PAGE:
It was a breezy, cool April morning. I was out looking for a long beard with three other hunters. With the strong wind, we were kind of skeptical about the turkeys gobbling or moving very much. But we went out anyway and all headed to our separate hunting spots.
I headed toward a big power line that ran down the middle of the property in a patch of chufa that we had planted for the turkeys. I set the decoy out and started calling. I never heard a gobble, but with the wind it was hard to hear really anything. Still, I was confident that I was going to at least see a turkey, because I had scouted hard and seen turkeys here for the last week. I stayed in this same spot for hour and a half before I decided to move on.
As I was walking around, off in the distance where Nelson MacCrea, one of the hunters in our group was, I heard, Boom-Boom. Sure enough, when I headed back to the camp, there was Nelson at the cleaning table with a nice tom. The bird had a 10-inch beard and 1 ½-inch spurs. We couldn’t weigh the bird because we didn’t have a scale, but it was a good gobbler.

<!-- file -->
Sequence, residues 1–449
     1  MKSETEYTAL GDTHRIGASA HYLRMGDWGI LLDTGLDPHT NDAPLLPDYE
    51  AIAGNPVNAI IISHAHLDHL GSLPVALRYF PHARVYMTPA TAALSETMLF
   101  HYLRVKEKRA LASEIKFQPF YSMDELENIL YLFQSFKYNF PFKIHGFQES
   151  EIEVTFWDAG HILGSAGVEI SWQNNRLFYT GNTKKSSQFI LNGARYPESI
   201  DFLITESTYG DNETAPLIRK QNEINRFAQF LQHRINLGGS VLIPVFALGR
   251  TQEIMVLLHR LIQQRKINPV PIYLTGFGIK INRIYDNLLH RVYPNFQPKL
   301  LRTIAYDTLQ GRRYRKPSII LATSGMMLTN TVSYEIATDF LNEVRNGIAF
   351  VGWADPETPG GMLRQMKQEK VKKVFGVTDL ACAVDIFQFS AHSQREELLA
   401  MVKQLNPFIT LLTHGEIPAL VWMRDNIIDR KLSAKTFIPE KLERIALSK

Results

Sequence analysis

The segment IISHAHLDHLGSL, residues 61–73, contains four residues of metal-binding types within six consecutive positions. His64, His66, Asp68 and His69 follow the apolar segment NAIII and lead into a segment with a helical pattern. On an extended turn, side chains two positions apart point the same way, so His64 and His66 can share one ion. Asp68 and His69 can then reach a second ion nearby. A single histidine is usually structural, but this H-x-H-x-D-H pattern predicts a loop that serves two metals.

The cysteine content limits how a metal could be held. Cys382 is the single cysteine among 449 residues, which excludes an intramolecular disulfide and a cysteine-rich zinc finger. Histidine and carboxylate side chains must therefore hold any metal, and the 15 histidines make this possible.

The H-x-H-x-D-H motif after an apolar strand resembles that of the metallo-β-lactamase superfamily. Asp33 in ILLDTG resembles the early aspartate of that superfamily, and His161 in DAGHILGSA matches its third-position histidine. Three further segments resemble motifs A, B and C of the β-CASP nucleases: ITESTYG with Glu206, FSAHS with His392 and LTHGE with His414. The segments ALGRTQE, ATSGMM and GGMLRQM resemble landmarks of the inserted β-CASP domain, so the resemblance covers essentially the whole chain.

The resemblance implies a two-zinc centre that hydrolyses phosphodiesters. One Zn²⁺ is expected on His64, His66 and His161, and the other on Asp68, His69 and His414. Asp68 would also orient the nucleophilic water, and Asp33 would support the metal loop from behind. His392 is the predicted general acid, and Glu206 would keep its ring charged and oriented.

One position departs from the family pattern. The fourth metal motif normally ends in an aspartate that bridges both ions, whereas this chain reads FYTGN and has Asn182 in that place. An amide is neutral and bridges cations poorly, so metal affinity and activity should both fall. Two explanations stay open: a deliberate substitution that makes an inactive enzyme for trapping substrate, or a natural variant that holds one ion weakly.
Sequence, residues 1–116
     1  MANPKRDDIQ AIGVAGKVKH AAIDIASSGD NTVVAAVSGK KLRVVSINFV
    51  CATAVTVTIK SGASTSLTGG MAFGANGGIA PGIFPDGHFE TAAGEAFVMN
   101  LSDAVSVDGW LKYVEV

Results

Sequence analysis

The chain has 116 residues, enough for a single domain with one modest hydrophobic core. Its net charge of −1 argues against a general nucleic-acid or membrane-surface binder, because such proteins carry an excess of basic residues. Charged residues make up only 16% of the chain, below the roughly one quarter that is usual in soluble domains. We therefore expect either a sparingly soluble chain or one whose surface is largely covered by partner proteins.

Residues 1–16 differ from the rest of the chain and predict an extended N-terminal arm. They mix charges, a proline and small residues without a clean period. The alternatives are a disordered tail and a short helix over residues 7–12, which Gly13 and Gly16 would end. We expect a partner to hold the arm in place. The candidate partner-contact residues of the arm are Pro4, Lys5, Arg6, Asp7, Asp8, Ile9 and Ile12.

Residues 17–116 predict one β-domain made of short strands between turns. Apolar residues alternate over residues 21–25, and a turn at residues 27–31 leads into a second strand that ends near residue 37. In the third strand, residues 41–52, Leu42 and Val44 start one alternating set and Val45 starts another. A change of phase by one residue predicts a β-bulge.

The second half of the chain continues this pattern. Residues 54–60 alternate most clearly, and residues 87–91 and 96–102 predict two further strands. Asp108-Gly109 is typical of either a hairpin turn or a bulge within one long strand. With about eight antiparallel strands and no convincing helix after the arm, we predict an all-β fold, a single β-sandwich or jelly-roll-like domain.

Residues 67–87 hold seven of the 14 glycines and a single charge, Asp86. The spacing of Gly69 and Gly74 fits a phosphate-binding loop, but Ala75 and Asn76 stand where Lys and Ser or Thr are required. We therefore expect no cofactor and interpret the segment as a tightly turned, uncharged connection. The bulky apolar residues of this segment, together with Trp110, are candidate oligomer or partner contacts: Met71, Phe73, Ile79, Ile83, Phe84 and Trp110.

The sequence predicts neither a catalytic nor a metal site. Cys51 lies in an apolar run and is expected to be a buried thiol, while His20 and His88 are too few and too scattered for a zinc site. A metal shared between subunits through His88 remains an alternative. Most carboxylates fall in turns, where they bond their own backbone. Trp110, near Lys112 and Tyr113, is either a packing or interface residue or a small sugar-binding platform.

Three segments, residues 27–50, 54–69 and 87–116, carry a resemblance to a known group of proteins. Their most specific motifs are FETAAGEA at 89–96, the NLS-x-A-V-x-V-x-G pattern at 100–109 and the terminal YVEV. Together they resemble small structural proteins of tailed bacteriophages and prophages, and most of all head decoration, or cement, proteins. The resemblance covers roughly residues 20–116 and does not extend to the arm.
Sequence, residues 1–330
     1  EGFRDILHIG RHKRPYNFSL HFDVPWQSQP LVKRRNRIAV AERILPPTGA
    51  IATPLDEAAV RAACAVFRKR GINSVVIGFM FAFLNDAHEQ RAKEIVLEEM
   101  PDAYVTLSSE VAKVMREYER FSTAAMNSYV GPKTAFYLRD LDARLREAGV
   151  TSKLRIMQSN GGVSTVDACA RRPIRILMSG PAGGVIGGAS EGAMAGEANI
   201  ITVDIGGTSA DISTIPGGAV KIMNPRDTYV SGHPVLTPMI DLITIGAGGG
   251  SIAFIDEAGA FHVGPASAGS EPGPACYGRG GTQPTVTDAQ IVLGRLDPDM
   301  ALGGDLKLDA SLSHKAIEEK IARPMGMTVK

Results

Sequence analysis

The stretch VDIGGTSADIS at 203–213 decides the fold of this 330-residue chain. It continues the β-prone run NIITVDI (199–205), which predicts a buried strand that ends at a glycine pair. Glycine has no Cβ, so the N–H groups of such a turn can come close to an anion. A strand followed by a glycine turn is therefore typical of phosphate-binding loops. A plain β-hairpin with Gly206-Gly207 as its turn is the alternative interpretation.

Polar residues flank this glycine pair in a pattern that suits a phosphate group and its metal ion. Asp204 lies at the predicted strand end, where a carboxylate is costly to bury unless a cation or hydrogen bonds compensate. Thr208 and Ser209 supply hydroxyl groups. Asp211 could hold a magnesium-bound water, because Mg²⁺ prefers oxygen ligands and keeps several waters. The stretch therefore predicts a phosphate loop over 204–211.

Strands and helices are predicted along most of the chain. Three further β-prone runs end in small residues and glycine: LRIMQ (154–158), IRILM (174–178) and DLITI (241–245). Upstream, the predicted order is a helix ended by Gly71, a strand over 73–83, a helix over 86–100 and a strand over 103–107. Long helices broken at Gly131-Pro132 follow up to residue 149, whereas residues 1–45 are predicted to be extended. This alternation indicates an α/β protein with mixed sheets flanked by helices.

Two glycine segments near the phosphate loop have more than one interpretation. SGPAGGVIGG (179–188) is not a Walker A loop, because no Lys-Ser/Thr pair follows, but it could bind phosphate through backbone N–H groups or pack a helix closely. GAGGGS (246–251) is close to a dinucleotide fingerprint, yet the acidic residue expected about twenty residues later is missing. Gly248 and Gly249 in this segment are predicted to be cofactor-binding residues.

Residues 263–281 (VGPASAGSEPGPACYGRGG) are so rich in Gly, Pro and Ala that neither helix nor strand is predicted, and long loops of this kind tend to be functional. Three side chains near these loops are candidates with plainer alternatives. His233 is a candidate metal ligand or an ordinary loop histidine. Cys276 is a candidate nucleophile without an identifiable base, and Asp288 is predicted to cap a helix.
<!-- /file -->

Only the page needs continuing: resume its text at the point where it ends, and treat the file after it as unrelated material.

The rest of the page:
Nelson said he was sitting there and never heard a gobble, and he started to give up. Then, out of the blue, three big toms appeared. He said they caught him off guard. He lifted his gun, aimed and shot…and hit a tree! He said the bird was running off, but he shot again, and this time he connected.
Now, that morning I was planning on hunting where Nelson killed the tom, but I wanted to hunt the power line because I had seen more turkeys there. The moral of this story: Always evaluate each spot and scout as much as you can, because these birds moved from one area to another in a half a day. And try to find out where the birds are roosting and feeding and where the trails they’re traveling. This will make you become a better and successful turkey hunter. And maybe you’ll be the one who shoots a bird, not another guy in your hunting party.